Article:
BEO fails to give written statement to parents and students of ‘Learn and earn’ program

The parents and students of ‘Learn and Earn’ had put forward the letter to BEO seeking clarifications and accountability from Bhutan Employment Overseas (BEO) on 14th December which the BEO has to respond in written statement within a time period of ten days.

The BEO managing director of BEO Jurmey Tshewang agreed to provide the required response in written statement to the group during the submission of letter. However, BEO failed to give the response within the given time.

“We contacted Jurmey about the response to which he said the government will response to us” said the group. Meanwhile, Tenzin Rigden, the co- partner of BEO ‘Learn and earn’ program reasoned that the agency is looking for suitable time to give the response. “Due to heavy demand of work, we couldn’t manage time so we will verify all the five points they submitted us and try to respond as soon as possible which might take next couple of days” he said.

The group clearly disappointed with the failure of response from BEO said they will be waiting for the action from the government. “We will see what the government can do before deciding to take any legal action against the agency involved in this scam”

The representative of parents and students committee meanwhile approached the Prime Minister and the National council members this week to explain the issue and submitted a letter attaching a copy to the speaker of national assembly, national council chairperson and the opposition leader.

The group reported that due to severe situation in Japan, a student allegedly committed suicide out of depression in the city of Fukuoka where another student is undergoing treatment for brain damage attributed to tuberculosis, besides, two male and two female students have returned back to Bhutan on serious medical ground, and another 90 quit unable to cope with the punishing working condition.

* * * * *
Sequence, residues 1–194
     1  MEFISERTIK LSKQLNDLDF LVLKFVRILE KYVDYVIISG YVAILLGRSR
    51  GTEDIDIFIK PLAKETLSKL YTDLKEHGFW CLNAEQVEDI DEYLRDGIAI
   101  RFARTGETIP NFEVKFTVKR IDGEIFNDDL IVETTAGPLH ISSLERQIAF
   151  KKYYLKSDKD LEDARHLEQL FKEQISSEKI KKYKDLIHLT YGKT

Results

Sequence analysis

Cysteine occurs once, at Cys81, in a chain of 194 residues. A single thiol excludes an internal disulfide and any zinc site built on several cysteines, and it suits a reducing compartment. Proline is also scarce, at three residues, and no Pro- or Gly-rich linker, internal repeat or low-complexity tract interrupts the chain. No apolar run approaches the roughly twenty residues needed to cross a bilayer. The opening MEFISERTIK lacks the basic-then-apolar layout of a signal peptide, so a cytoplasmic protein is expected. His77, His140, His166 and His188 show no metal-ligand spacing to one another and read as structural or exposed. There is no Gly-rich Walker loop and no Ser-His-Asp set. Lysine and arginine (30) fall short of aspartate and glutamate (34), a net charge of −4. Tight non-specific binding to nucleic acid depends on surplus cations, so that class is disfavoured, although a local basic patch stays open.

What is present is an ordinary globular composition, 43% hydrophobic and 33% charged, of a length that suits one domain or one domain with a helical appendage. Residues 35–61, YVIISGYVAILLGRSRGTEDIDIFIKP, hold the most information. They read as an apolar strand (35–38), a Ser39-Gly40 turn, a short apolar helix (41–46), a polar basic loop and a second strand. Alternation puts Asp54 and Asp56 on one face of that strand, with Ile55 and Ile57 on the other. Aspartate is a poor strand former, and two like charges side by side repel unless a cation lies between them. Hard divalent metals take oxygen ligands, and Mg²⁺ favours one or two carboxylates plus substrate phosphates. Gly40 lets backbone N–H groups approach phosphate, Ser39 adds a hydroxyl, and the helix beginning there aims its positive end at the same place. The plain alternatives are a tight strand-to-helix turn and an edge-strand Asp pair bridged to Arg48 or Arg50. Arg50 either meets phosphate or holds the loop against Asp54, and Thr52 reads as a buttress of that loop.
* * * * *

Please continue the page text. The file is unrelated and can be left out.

The group said that the 600 plus youths who are still is japan are equally desperate. “Without timely intervention from the government, we fear they may drift into severe depression, which is one of the leading cause of suicide among Japanese youths today. “We believe the agency did not prepare them well for the rigor of life in Japan” added the group.

“The young student’s suicide came as a wakeup call for all of us, who are thoroughly unsettled by this recent development, and fear for the wellbeing of our children currently trapped in a foreign soil” said the parents.

The parents said the students were overcharged by the agency and exploited their situation and turned the program into a ruthless money making venture.

The letter read, “Further, upon conducting a preliminary investigation, we found out that BEO charged exorbitant amount in various fees. Besides the Nu. 57,000 placement/agent fees, the agency took additional Nu. 17,000 per student in visa, translation and documentation fees, which should actually have been covered in the agent fee”.

“Moreover, there is no proper record maintained for these expenses” the parents said that even the receipt issued to the youths were not clear and completely vague.

Besides the parents said that even the ticketing contract for all the 730 students were given to one agent, without floating the tender, thereby, depriving them of the best price, and other associated concessions, which would have brought the airfare down.

Besides the group said that the BEO and its counterparts in Japan, SND and Light Path Co. gets commission of USD 1,300- 1,500 per student from the language schools, beside a portion of their salary from their workplace. The group told the government to reinvestigate the case.

The group reported that the fee structure for Bhutanese youths were also considerably high, compared to other foreign nationals pursuing Japanese language course, which needs to be investigated.

The letter also said the BEO also appears to have misinformed the government and the financial institutions regarding the success of the program. “While the first two batches of students, totaling 129, were unable to repay their loans on time, we were informed that the agency paid the loan on their behalf, just to convince the banks, hence, getting the loan for their third batch of 380, the largest by far, approved”.

“There are evidences of procedural lapses and documents forgery by BEO. In some instances, the partners persuaded the students to sign documents on behalf of their parents/guardians, while in others, they forged certificate to meet the eligibility criterion for the program, as strictly put in by the Japanese government”.

The prime minister in response said the issue will to be reviewed case by case and the discussion will be made within cabinet on the issue.

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